Thursday, March 22, 2007
Rather to my surprise a flower opened this morning on the false hamate-lobed dandelion (Taraxacum pseudohamatum). The same plant flowered 24 days later, on 14 April, last year. Climate change? I doubt it, dandelion flowers seem to vary considerably in regard to when they appear.
I identify these Taraxaca to microspecies level if I can using the BSBI Dandelion book, but the results from the key are not always conclusive. T. pseudohamatum seems a clear enough form though.
The fly enjoying this spring treat is a sallow fly, Egle sp.
Wednesday, March 21, 2007
Right on cue for the first day of spring I discovered a freshly emerged, male short-palped cranefly on the moss on the top of Butterfly Rock. The pupal exuvia can be seen in one of the pictures above protruding from the moss just to the left of the wing tips.
After it had hardened its exoskeleton it started to move around and eventually settled on a grass blade beside the rock.
This sandstone rock has now been in situ for just under two years. It quickly developed a carpet of moss and lichen on its bare top and, earlier this year, this was thick enough to support some small vascular plants. Now an insect has completed its development in the moss - only two years from bare stone to invertebrate life.
The rock has also developed a cordon of plants around its perimeter that do not grow elsewhere in Emthree. I strongly suspect they arise from seeds brought in by birds who must also deliver a fair quantity of fertiliser that washes off with the seeds.
The other day I went to look at Emthree and found water running everywhere and all the holes and hollows full. It was clear and sunny and, although there had been some rain earlier, I thought it had not been enough to cause such flooding unless it was a very focussed cloudburst.
However, I quickly discovered that a water main had burst in a shed in the next door garden. The problem was soon fixed and the water drained rapidly away. One small bonus was that I was able to enjoy a tree reflection in a puddle in Troy Track, something that has not happened before as it is either raining on the water surface or dry.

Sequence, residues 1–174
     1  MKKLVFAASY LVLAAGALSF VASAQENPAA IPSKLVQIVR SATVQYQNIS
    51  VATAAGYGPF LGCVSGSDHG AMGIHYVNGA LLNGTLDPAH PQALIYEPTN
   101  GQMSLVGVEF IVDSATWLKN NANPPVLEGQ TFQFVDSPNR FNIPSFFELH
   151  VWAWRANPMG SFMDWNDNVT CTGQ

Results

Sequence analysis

Thursday, March 15, 2007
A star turn today was the 'appearance' of a distinctive plant on bare ground at the north eastern end of Troy Track. Not only is this a new record for the project, it is also the first hepatic - that's the smart name for liverwort. Double hooray!
In the literature common crystalwort is indeed said to be common, but I have somehow managed to live my whole life without ever consciously seeing an example. It is an annual species and will, I think, not grow very much larger.
As is so often the case, I spotted this (it is about 1 cm in diameter) using my close focus binoculars and it must have been where it is for some time without my having noticed it.
Tuesday, March 13, 2007
At the north western end of Troy Track I spotted some rigid green leaves overtopping the grass. These turned out to be a plant of soft-rush (Juncus effusus) that must have been growing, undetected, for at least six months.
It reinforces my observation that it is impossible to ‘see’ everything, even in a small area, on one or several occasions. Seeing things like this rush for the first time seems to occur when, for some reason, conditions in the brain are right.